Understanding and ensuring the welfare of aquatic animals is a fundamentally different endeavor than it is for terrestrial animals, however. First, unlike terrestrial animal agriculture, the vast majority of species currently farmed in aquaculture are either wild or only recently domesticated (54, 55). Aquaculture originated thousands of years ago, but traditional practices were restricted to a small number of species, cultivated at a minor scale (56). It is only in the past several decades that concern about global overfishing and scientific advances have propelled an explosion in the number of farmed aquatic species (57). As a result, most of the individuals in modern aquaculture are not biologically adapted to life in captivity, which poses serious welfare risks, especially in the absence of historical and traditional knowledge about how to care for newly farmed species. The negative consequences of these compound risk factors are evident in a recent assessment of 41 species in aquaculture, which determined that under current conditions, welfare for most species is likely to be poor across the life cycle: from the high likelihood of malformations and physiological defects at birth to restricted mobility, high aggression, and poor handling throughout development to “extreme pain and suffering” during slaughter (11).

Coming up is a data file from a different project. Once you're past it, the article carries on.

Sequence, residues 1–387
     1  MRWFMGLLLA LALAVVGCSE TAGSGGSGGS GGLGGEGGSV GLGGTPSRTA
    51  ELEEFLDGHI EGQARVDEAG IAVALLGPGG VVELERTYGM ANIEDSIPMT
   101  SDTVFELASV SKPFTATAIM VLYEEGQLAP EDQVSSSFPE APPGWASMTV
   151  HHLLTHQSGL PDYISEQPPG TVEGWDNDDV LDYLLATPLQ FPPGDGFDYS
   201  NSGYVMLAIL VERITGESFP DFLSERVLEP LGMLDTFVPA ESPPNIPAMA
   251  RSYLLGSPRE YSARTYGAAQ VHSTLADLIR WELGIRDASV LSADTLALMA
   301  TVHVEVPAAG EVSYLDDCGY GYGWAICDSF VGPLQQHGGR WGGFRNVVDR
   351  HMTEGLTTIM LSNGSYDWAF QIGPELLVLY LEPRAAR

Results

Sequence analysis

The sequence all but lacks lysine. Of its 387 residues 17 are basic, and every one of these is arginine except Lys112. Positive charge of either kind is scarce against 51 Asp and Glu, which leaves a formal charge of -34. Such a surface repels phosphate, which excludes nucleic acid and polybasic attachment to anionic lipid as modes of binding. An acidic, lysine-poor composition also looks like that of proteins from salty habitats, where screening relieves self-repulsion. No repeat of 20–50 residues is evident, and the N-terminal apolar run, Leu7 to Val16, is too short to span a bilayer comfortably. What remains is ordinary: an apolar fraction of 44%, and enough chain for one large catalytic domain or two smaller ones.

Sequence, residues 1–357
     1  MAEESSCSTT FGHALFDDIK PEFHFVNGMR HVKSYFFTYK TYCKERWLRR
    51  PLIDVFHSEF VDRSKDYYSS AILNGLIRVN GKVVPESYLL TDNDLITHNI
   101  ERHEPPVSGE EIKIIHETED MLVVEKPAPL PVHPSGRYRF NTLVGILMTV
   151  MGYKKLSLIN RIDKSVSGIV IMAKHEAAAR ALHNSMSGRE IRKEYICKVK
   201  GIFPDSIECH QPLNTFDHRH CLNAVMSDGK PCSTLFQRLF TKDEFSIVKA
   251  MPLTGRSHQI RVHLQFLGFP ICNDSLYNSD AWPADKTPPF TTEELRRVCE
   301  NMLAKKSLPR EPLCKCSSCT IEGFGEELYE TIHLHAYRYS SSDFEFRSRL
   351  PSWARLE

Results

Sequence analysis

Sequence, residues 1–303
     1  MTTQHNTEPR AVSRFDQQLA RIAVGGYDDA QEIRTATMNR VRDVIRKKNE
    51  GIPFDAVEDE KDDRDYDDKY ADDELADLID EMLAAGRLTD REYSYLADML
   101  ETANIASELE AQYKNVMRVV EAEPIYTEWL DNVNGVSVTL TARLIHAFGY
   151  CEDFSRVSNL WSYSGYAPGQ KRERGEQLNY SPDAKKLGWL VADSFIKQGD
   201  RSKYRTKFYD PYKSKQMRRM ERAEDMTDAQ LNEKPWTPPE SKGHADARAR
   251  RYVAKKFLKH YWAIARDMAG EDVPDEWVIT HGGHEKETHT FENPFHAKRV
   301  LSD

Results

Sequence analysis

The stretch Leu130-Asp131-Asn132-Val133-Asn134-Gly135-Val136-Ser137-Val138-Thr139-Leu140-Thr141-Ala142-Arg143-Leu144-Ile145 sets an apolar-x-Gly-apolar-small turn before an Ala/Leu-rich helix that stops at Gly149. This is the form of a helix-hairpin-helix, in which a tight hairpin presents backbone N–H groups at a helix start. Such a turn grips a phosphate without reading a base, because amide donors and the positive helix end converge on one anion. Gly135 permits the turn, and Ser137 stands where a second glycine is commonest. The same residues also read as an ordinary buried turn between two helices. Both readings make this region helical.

Second, whereas the scientific literature on terrestrial animal welfare has accumulated across many decades and has only needed to cover approximately 20 species, the literature on the welfare of animals in aquaculture is new and needs to cover an order of magnitude more species [at least 300 (57)]. Species-specific welfare research is necessary to understand an individual’s welfare because even within the same genus, different species can display widely divergent biological and behavioral responses, with different implications for their welfare (58). Without species-specific data, welfare standards, assessment tools, labeling schemes, legislative initiatives, and enforcement will not be supported by reliable knowledge, which leads welfare protections to be weak, ineffective, or nonexistent (59, 60). Thus, while the presence of species-specific welfare publications does not ensure an animal’s welfare, its absence does signal extreme welfare risks.